Kansas Holds off Western Kentucky: Postgame Reaction

Andrew DoughtyCorrespondent IIMarch 23, 2013

KANSAS CITY, MO - MARCH 22:  Aleksejs Rostov #20 of the Western Kentucky Hilltoppers and Jeff Withey #5 of the Kansas Jayhawks jockey for position in the second half during the second round of the 2013 NCAA Men's Basketball Tournament at the Sprint Center on March 22, 2013 in Kansas City, Missouri.  (Photo by Ed Zurga/Getty Images)
Ed Zurga/Getty Images

Kansas and Western Kentucky appeared to be evenly matched teams for 38 minutes Friday night, with the Jayhawks pulling away late for an ugly 64-57 victory at the Sprint Center.

No. 1 seed Kansas avoided the notoriously horrendous reputation of becoming the first top-ranked seed to fall to a No. 16 seed but did so in a concerning fashion.

The feisty Hilltoppers managed to remain within six points for most of the second half, despite 31.8 percent shooting on the night, including 3-for-20 from three-point range.

Western Kentucky head coach Ray Harper was pleased with the way his team battled, saying (via ESPN.com) "I think the entire country got a glimpse of what they're made of, a lot of character, a lot of heart."

Those missed perimeter opportunities and foul trouble ultimately led to WKU's demise, with George Fant and Caden Dickerson both fouling out as the team committed 24 fouls.

"They controlled the game for the most part," Bill Self said. "We're happy to advance but certainly not pleased with how we played."

The Jayhawks' All-American candidate center Jeff Withey led the way, sort of, with 17 points as Kansas surprisingly hit over 47 percent of its shots.

Withey later admitted Western Kentucky was taken lightly, saying (via KansasCity.com) "They kind of surprised us how good they were. We definitely took them lightly, being a No. 1 seed (and) they came out and fought us real hard."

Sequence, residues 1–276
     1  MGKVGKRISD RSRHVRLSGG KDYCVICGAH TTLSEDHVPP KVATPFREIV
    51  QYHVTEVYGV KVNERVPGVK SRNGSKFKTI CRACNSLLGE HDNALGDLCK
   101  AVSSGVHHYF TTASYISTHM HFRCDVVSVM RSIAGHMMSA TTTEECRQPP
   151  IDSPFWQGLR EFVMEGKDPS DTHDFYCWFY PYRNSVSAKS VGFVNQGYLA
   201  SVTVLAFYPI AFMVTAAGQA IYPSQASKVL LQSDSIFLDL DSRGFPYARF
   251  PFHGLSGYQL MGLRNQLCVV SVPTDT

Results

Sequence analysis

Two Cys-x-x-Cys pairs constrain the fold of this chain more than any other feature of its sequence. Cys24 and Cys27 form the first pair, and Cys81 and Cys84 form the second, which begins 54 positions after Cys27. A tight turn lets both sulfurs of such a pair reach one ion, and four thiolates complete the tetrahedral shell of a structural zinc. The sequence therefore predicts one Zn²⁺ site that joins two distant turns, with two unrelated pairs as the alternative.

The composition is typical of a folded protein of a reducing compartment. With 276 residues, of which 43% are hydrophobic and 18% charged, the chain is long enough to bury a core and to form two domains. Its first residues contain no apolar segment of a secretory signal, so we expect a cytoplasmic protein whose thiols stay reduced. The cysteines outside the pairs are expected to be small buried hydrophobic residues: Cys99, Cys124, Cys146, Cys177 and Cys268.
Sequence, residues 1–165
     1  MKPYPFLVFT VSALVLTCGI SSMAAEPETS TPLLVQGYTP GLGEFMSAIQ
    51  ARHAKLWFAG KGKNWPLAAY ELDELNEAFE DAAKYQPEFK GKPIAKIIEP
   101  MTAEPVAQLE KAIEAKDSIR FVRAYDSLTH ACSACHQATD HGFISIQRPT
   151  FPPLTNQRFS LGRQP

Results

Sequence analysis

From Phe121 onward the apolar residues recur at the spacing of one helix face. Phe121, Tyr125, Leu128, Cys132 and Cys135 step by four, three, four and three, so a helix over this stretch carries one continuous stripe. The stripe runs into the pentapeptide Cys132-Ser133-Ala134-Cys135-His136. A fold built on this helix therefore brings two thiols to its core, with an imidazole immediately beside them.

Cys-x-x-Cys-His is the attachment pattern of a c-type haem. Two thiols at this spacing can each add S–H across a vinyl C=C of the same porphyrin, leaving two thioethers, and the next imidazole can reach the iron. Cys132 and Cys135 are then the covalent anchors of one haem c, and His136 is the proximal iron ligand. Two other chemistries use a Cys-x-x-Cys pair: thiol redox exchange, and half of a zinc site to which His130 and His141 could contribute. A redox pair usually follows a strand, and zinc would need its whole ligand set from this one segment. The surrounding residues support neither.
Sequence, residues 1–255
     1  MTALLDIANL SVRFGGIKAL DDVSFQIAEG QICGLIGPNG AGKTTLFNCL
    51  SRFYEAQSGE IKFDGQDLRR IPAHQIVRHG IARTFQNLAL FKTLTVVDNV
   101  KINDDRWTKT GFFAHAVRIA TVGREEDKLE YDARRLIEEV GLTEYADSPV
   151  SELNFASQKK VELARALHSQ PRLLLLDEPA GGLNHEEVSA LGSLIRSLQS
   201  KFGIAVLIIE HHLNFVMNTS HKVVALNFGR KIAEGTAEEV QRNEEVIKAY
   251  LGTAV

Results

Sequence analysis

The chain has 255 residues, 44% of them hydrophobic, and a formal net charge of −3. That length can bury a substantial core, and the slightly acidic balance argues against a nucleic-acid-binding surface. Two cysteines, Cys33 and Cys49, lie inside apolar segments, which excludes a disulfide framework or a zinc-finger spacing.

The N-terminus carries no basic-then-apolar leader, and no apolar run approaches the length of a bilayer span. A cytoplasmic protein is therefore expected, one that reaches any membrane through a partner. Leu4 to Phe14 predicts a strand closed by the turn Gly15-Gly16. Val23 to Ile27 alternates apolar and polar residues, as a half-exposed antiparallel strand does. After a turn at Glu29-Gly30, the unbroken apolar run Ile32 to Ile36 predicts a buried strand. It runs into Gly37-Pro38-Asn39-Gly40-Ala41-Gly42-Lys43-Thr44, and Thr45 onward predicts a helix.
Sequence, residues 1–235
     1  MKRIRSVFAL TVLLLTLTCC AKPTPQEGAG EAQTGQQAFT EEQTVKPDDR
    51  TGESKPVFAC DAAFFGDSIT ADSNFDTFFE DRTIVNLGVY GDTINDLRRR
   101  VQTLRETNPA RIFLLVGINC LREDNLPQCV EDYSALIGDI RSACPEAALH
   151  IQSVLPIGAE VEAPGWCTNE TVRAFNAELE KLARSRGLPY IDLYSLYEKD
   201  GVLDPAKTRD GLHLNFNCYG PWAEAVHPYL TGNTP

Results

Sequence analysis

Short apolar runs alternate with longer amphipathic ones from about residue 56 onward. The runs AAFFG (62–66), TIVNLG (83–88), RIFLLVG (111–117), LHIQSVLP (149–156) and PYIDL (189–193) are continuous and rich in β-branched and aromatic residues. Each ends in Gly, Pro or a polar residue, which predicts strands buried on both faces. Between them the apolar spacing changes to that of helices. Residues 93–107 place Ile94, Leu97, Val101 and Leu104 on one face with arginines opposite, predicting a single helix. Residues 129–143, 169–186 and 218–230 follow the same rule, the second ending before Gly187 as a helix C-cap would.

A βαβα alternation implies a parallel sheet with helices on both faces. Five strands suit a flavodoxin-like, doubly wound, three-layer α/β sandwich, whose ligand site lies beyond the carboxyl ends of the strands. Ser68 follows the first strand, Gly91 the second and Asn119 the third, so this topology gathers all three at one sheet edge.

Why did they flirt with disaster when shooting 47 percent?

Bill Self's veteran team committed 17 turnovers, did not make a three-point bucket, had only four offensive rebounds and were out-rebounded by a grossly undersized Western Kentucky team.

It was KU's first game without a made three-pointer since 2008.

"We made one shot for the game from outside two feet," Self said.

The KU point guard duo of Elijah Johnson and Naadir Tharpe led, or failed to lead, their offense in combining for five assists and one made field goal. They adequately created ball movement, but it was unproductive ball movement resulting in repeated empty possessions.

Luckily for the Jayhawks, they hit 24-of-30 free-throw attempts. Their season was saved at the charity stripe, especially by an otherwise lost Ben McLemore, who went 7-for-8 from the line down the stretch.

Kansas faces the No. 8 seed North Carolina Sunday at the Sprint Center in the round of 32, with the victor facing Michigan in the Sweet 16 next week in Arlington.

"A North Carolina-Kansas game, everybody comes to play," said Eljiah Johnson. "Roy is coming back. There's going to be a lot of fans pumped up, and we'll be pumped up."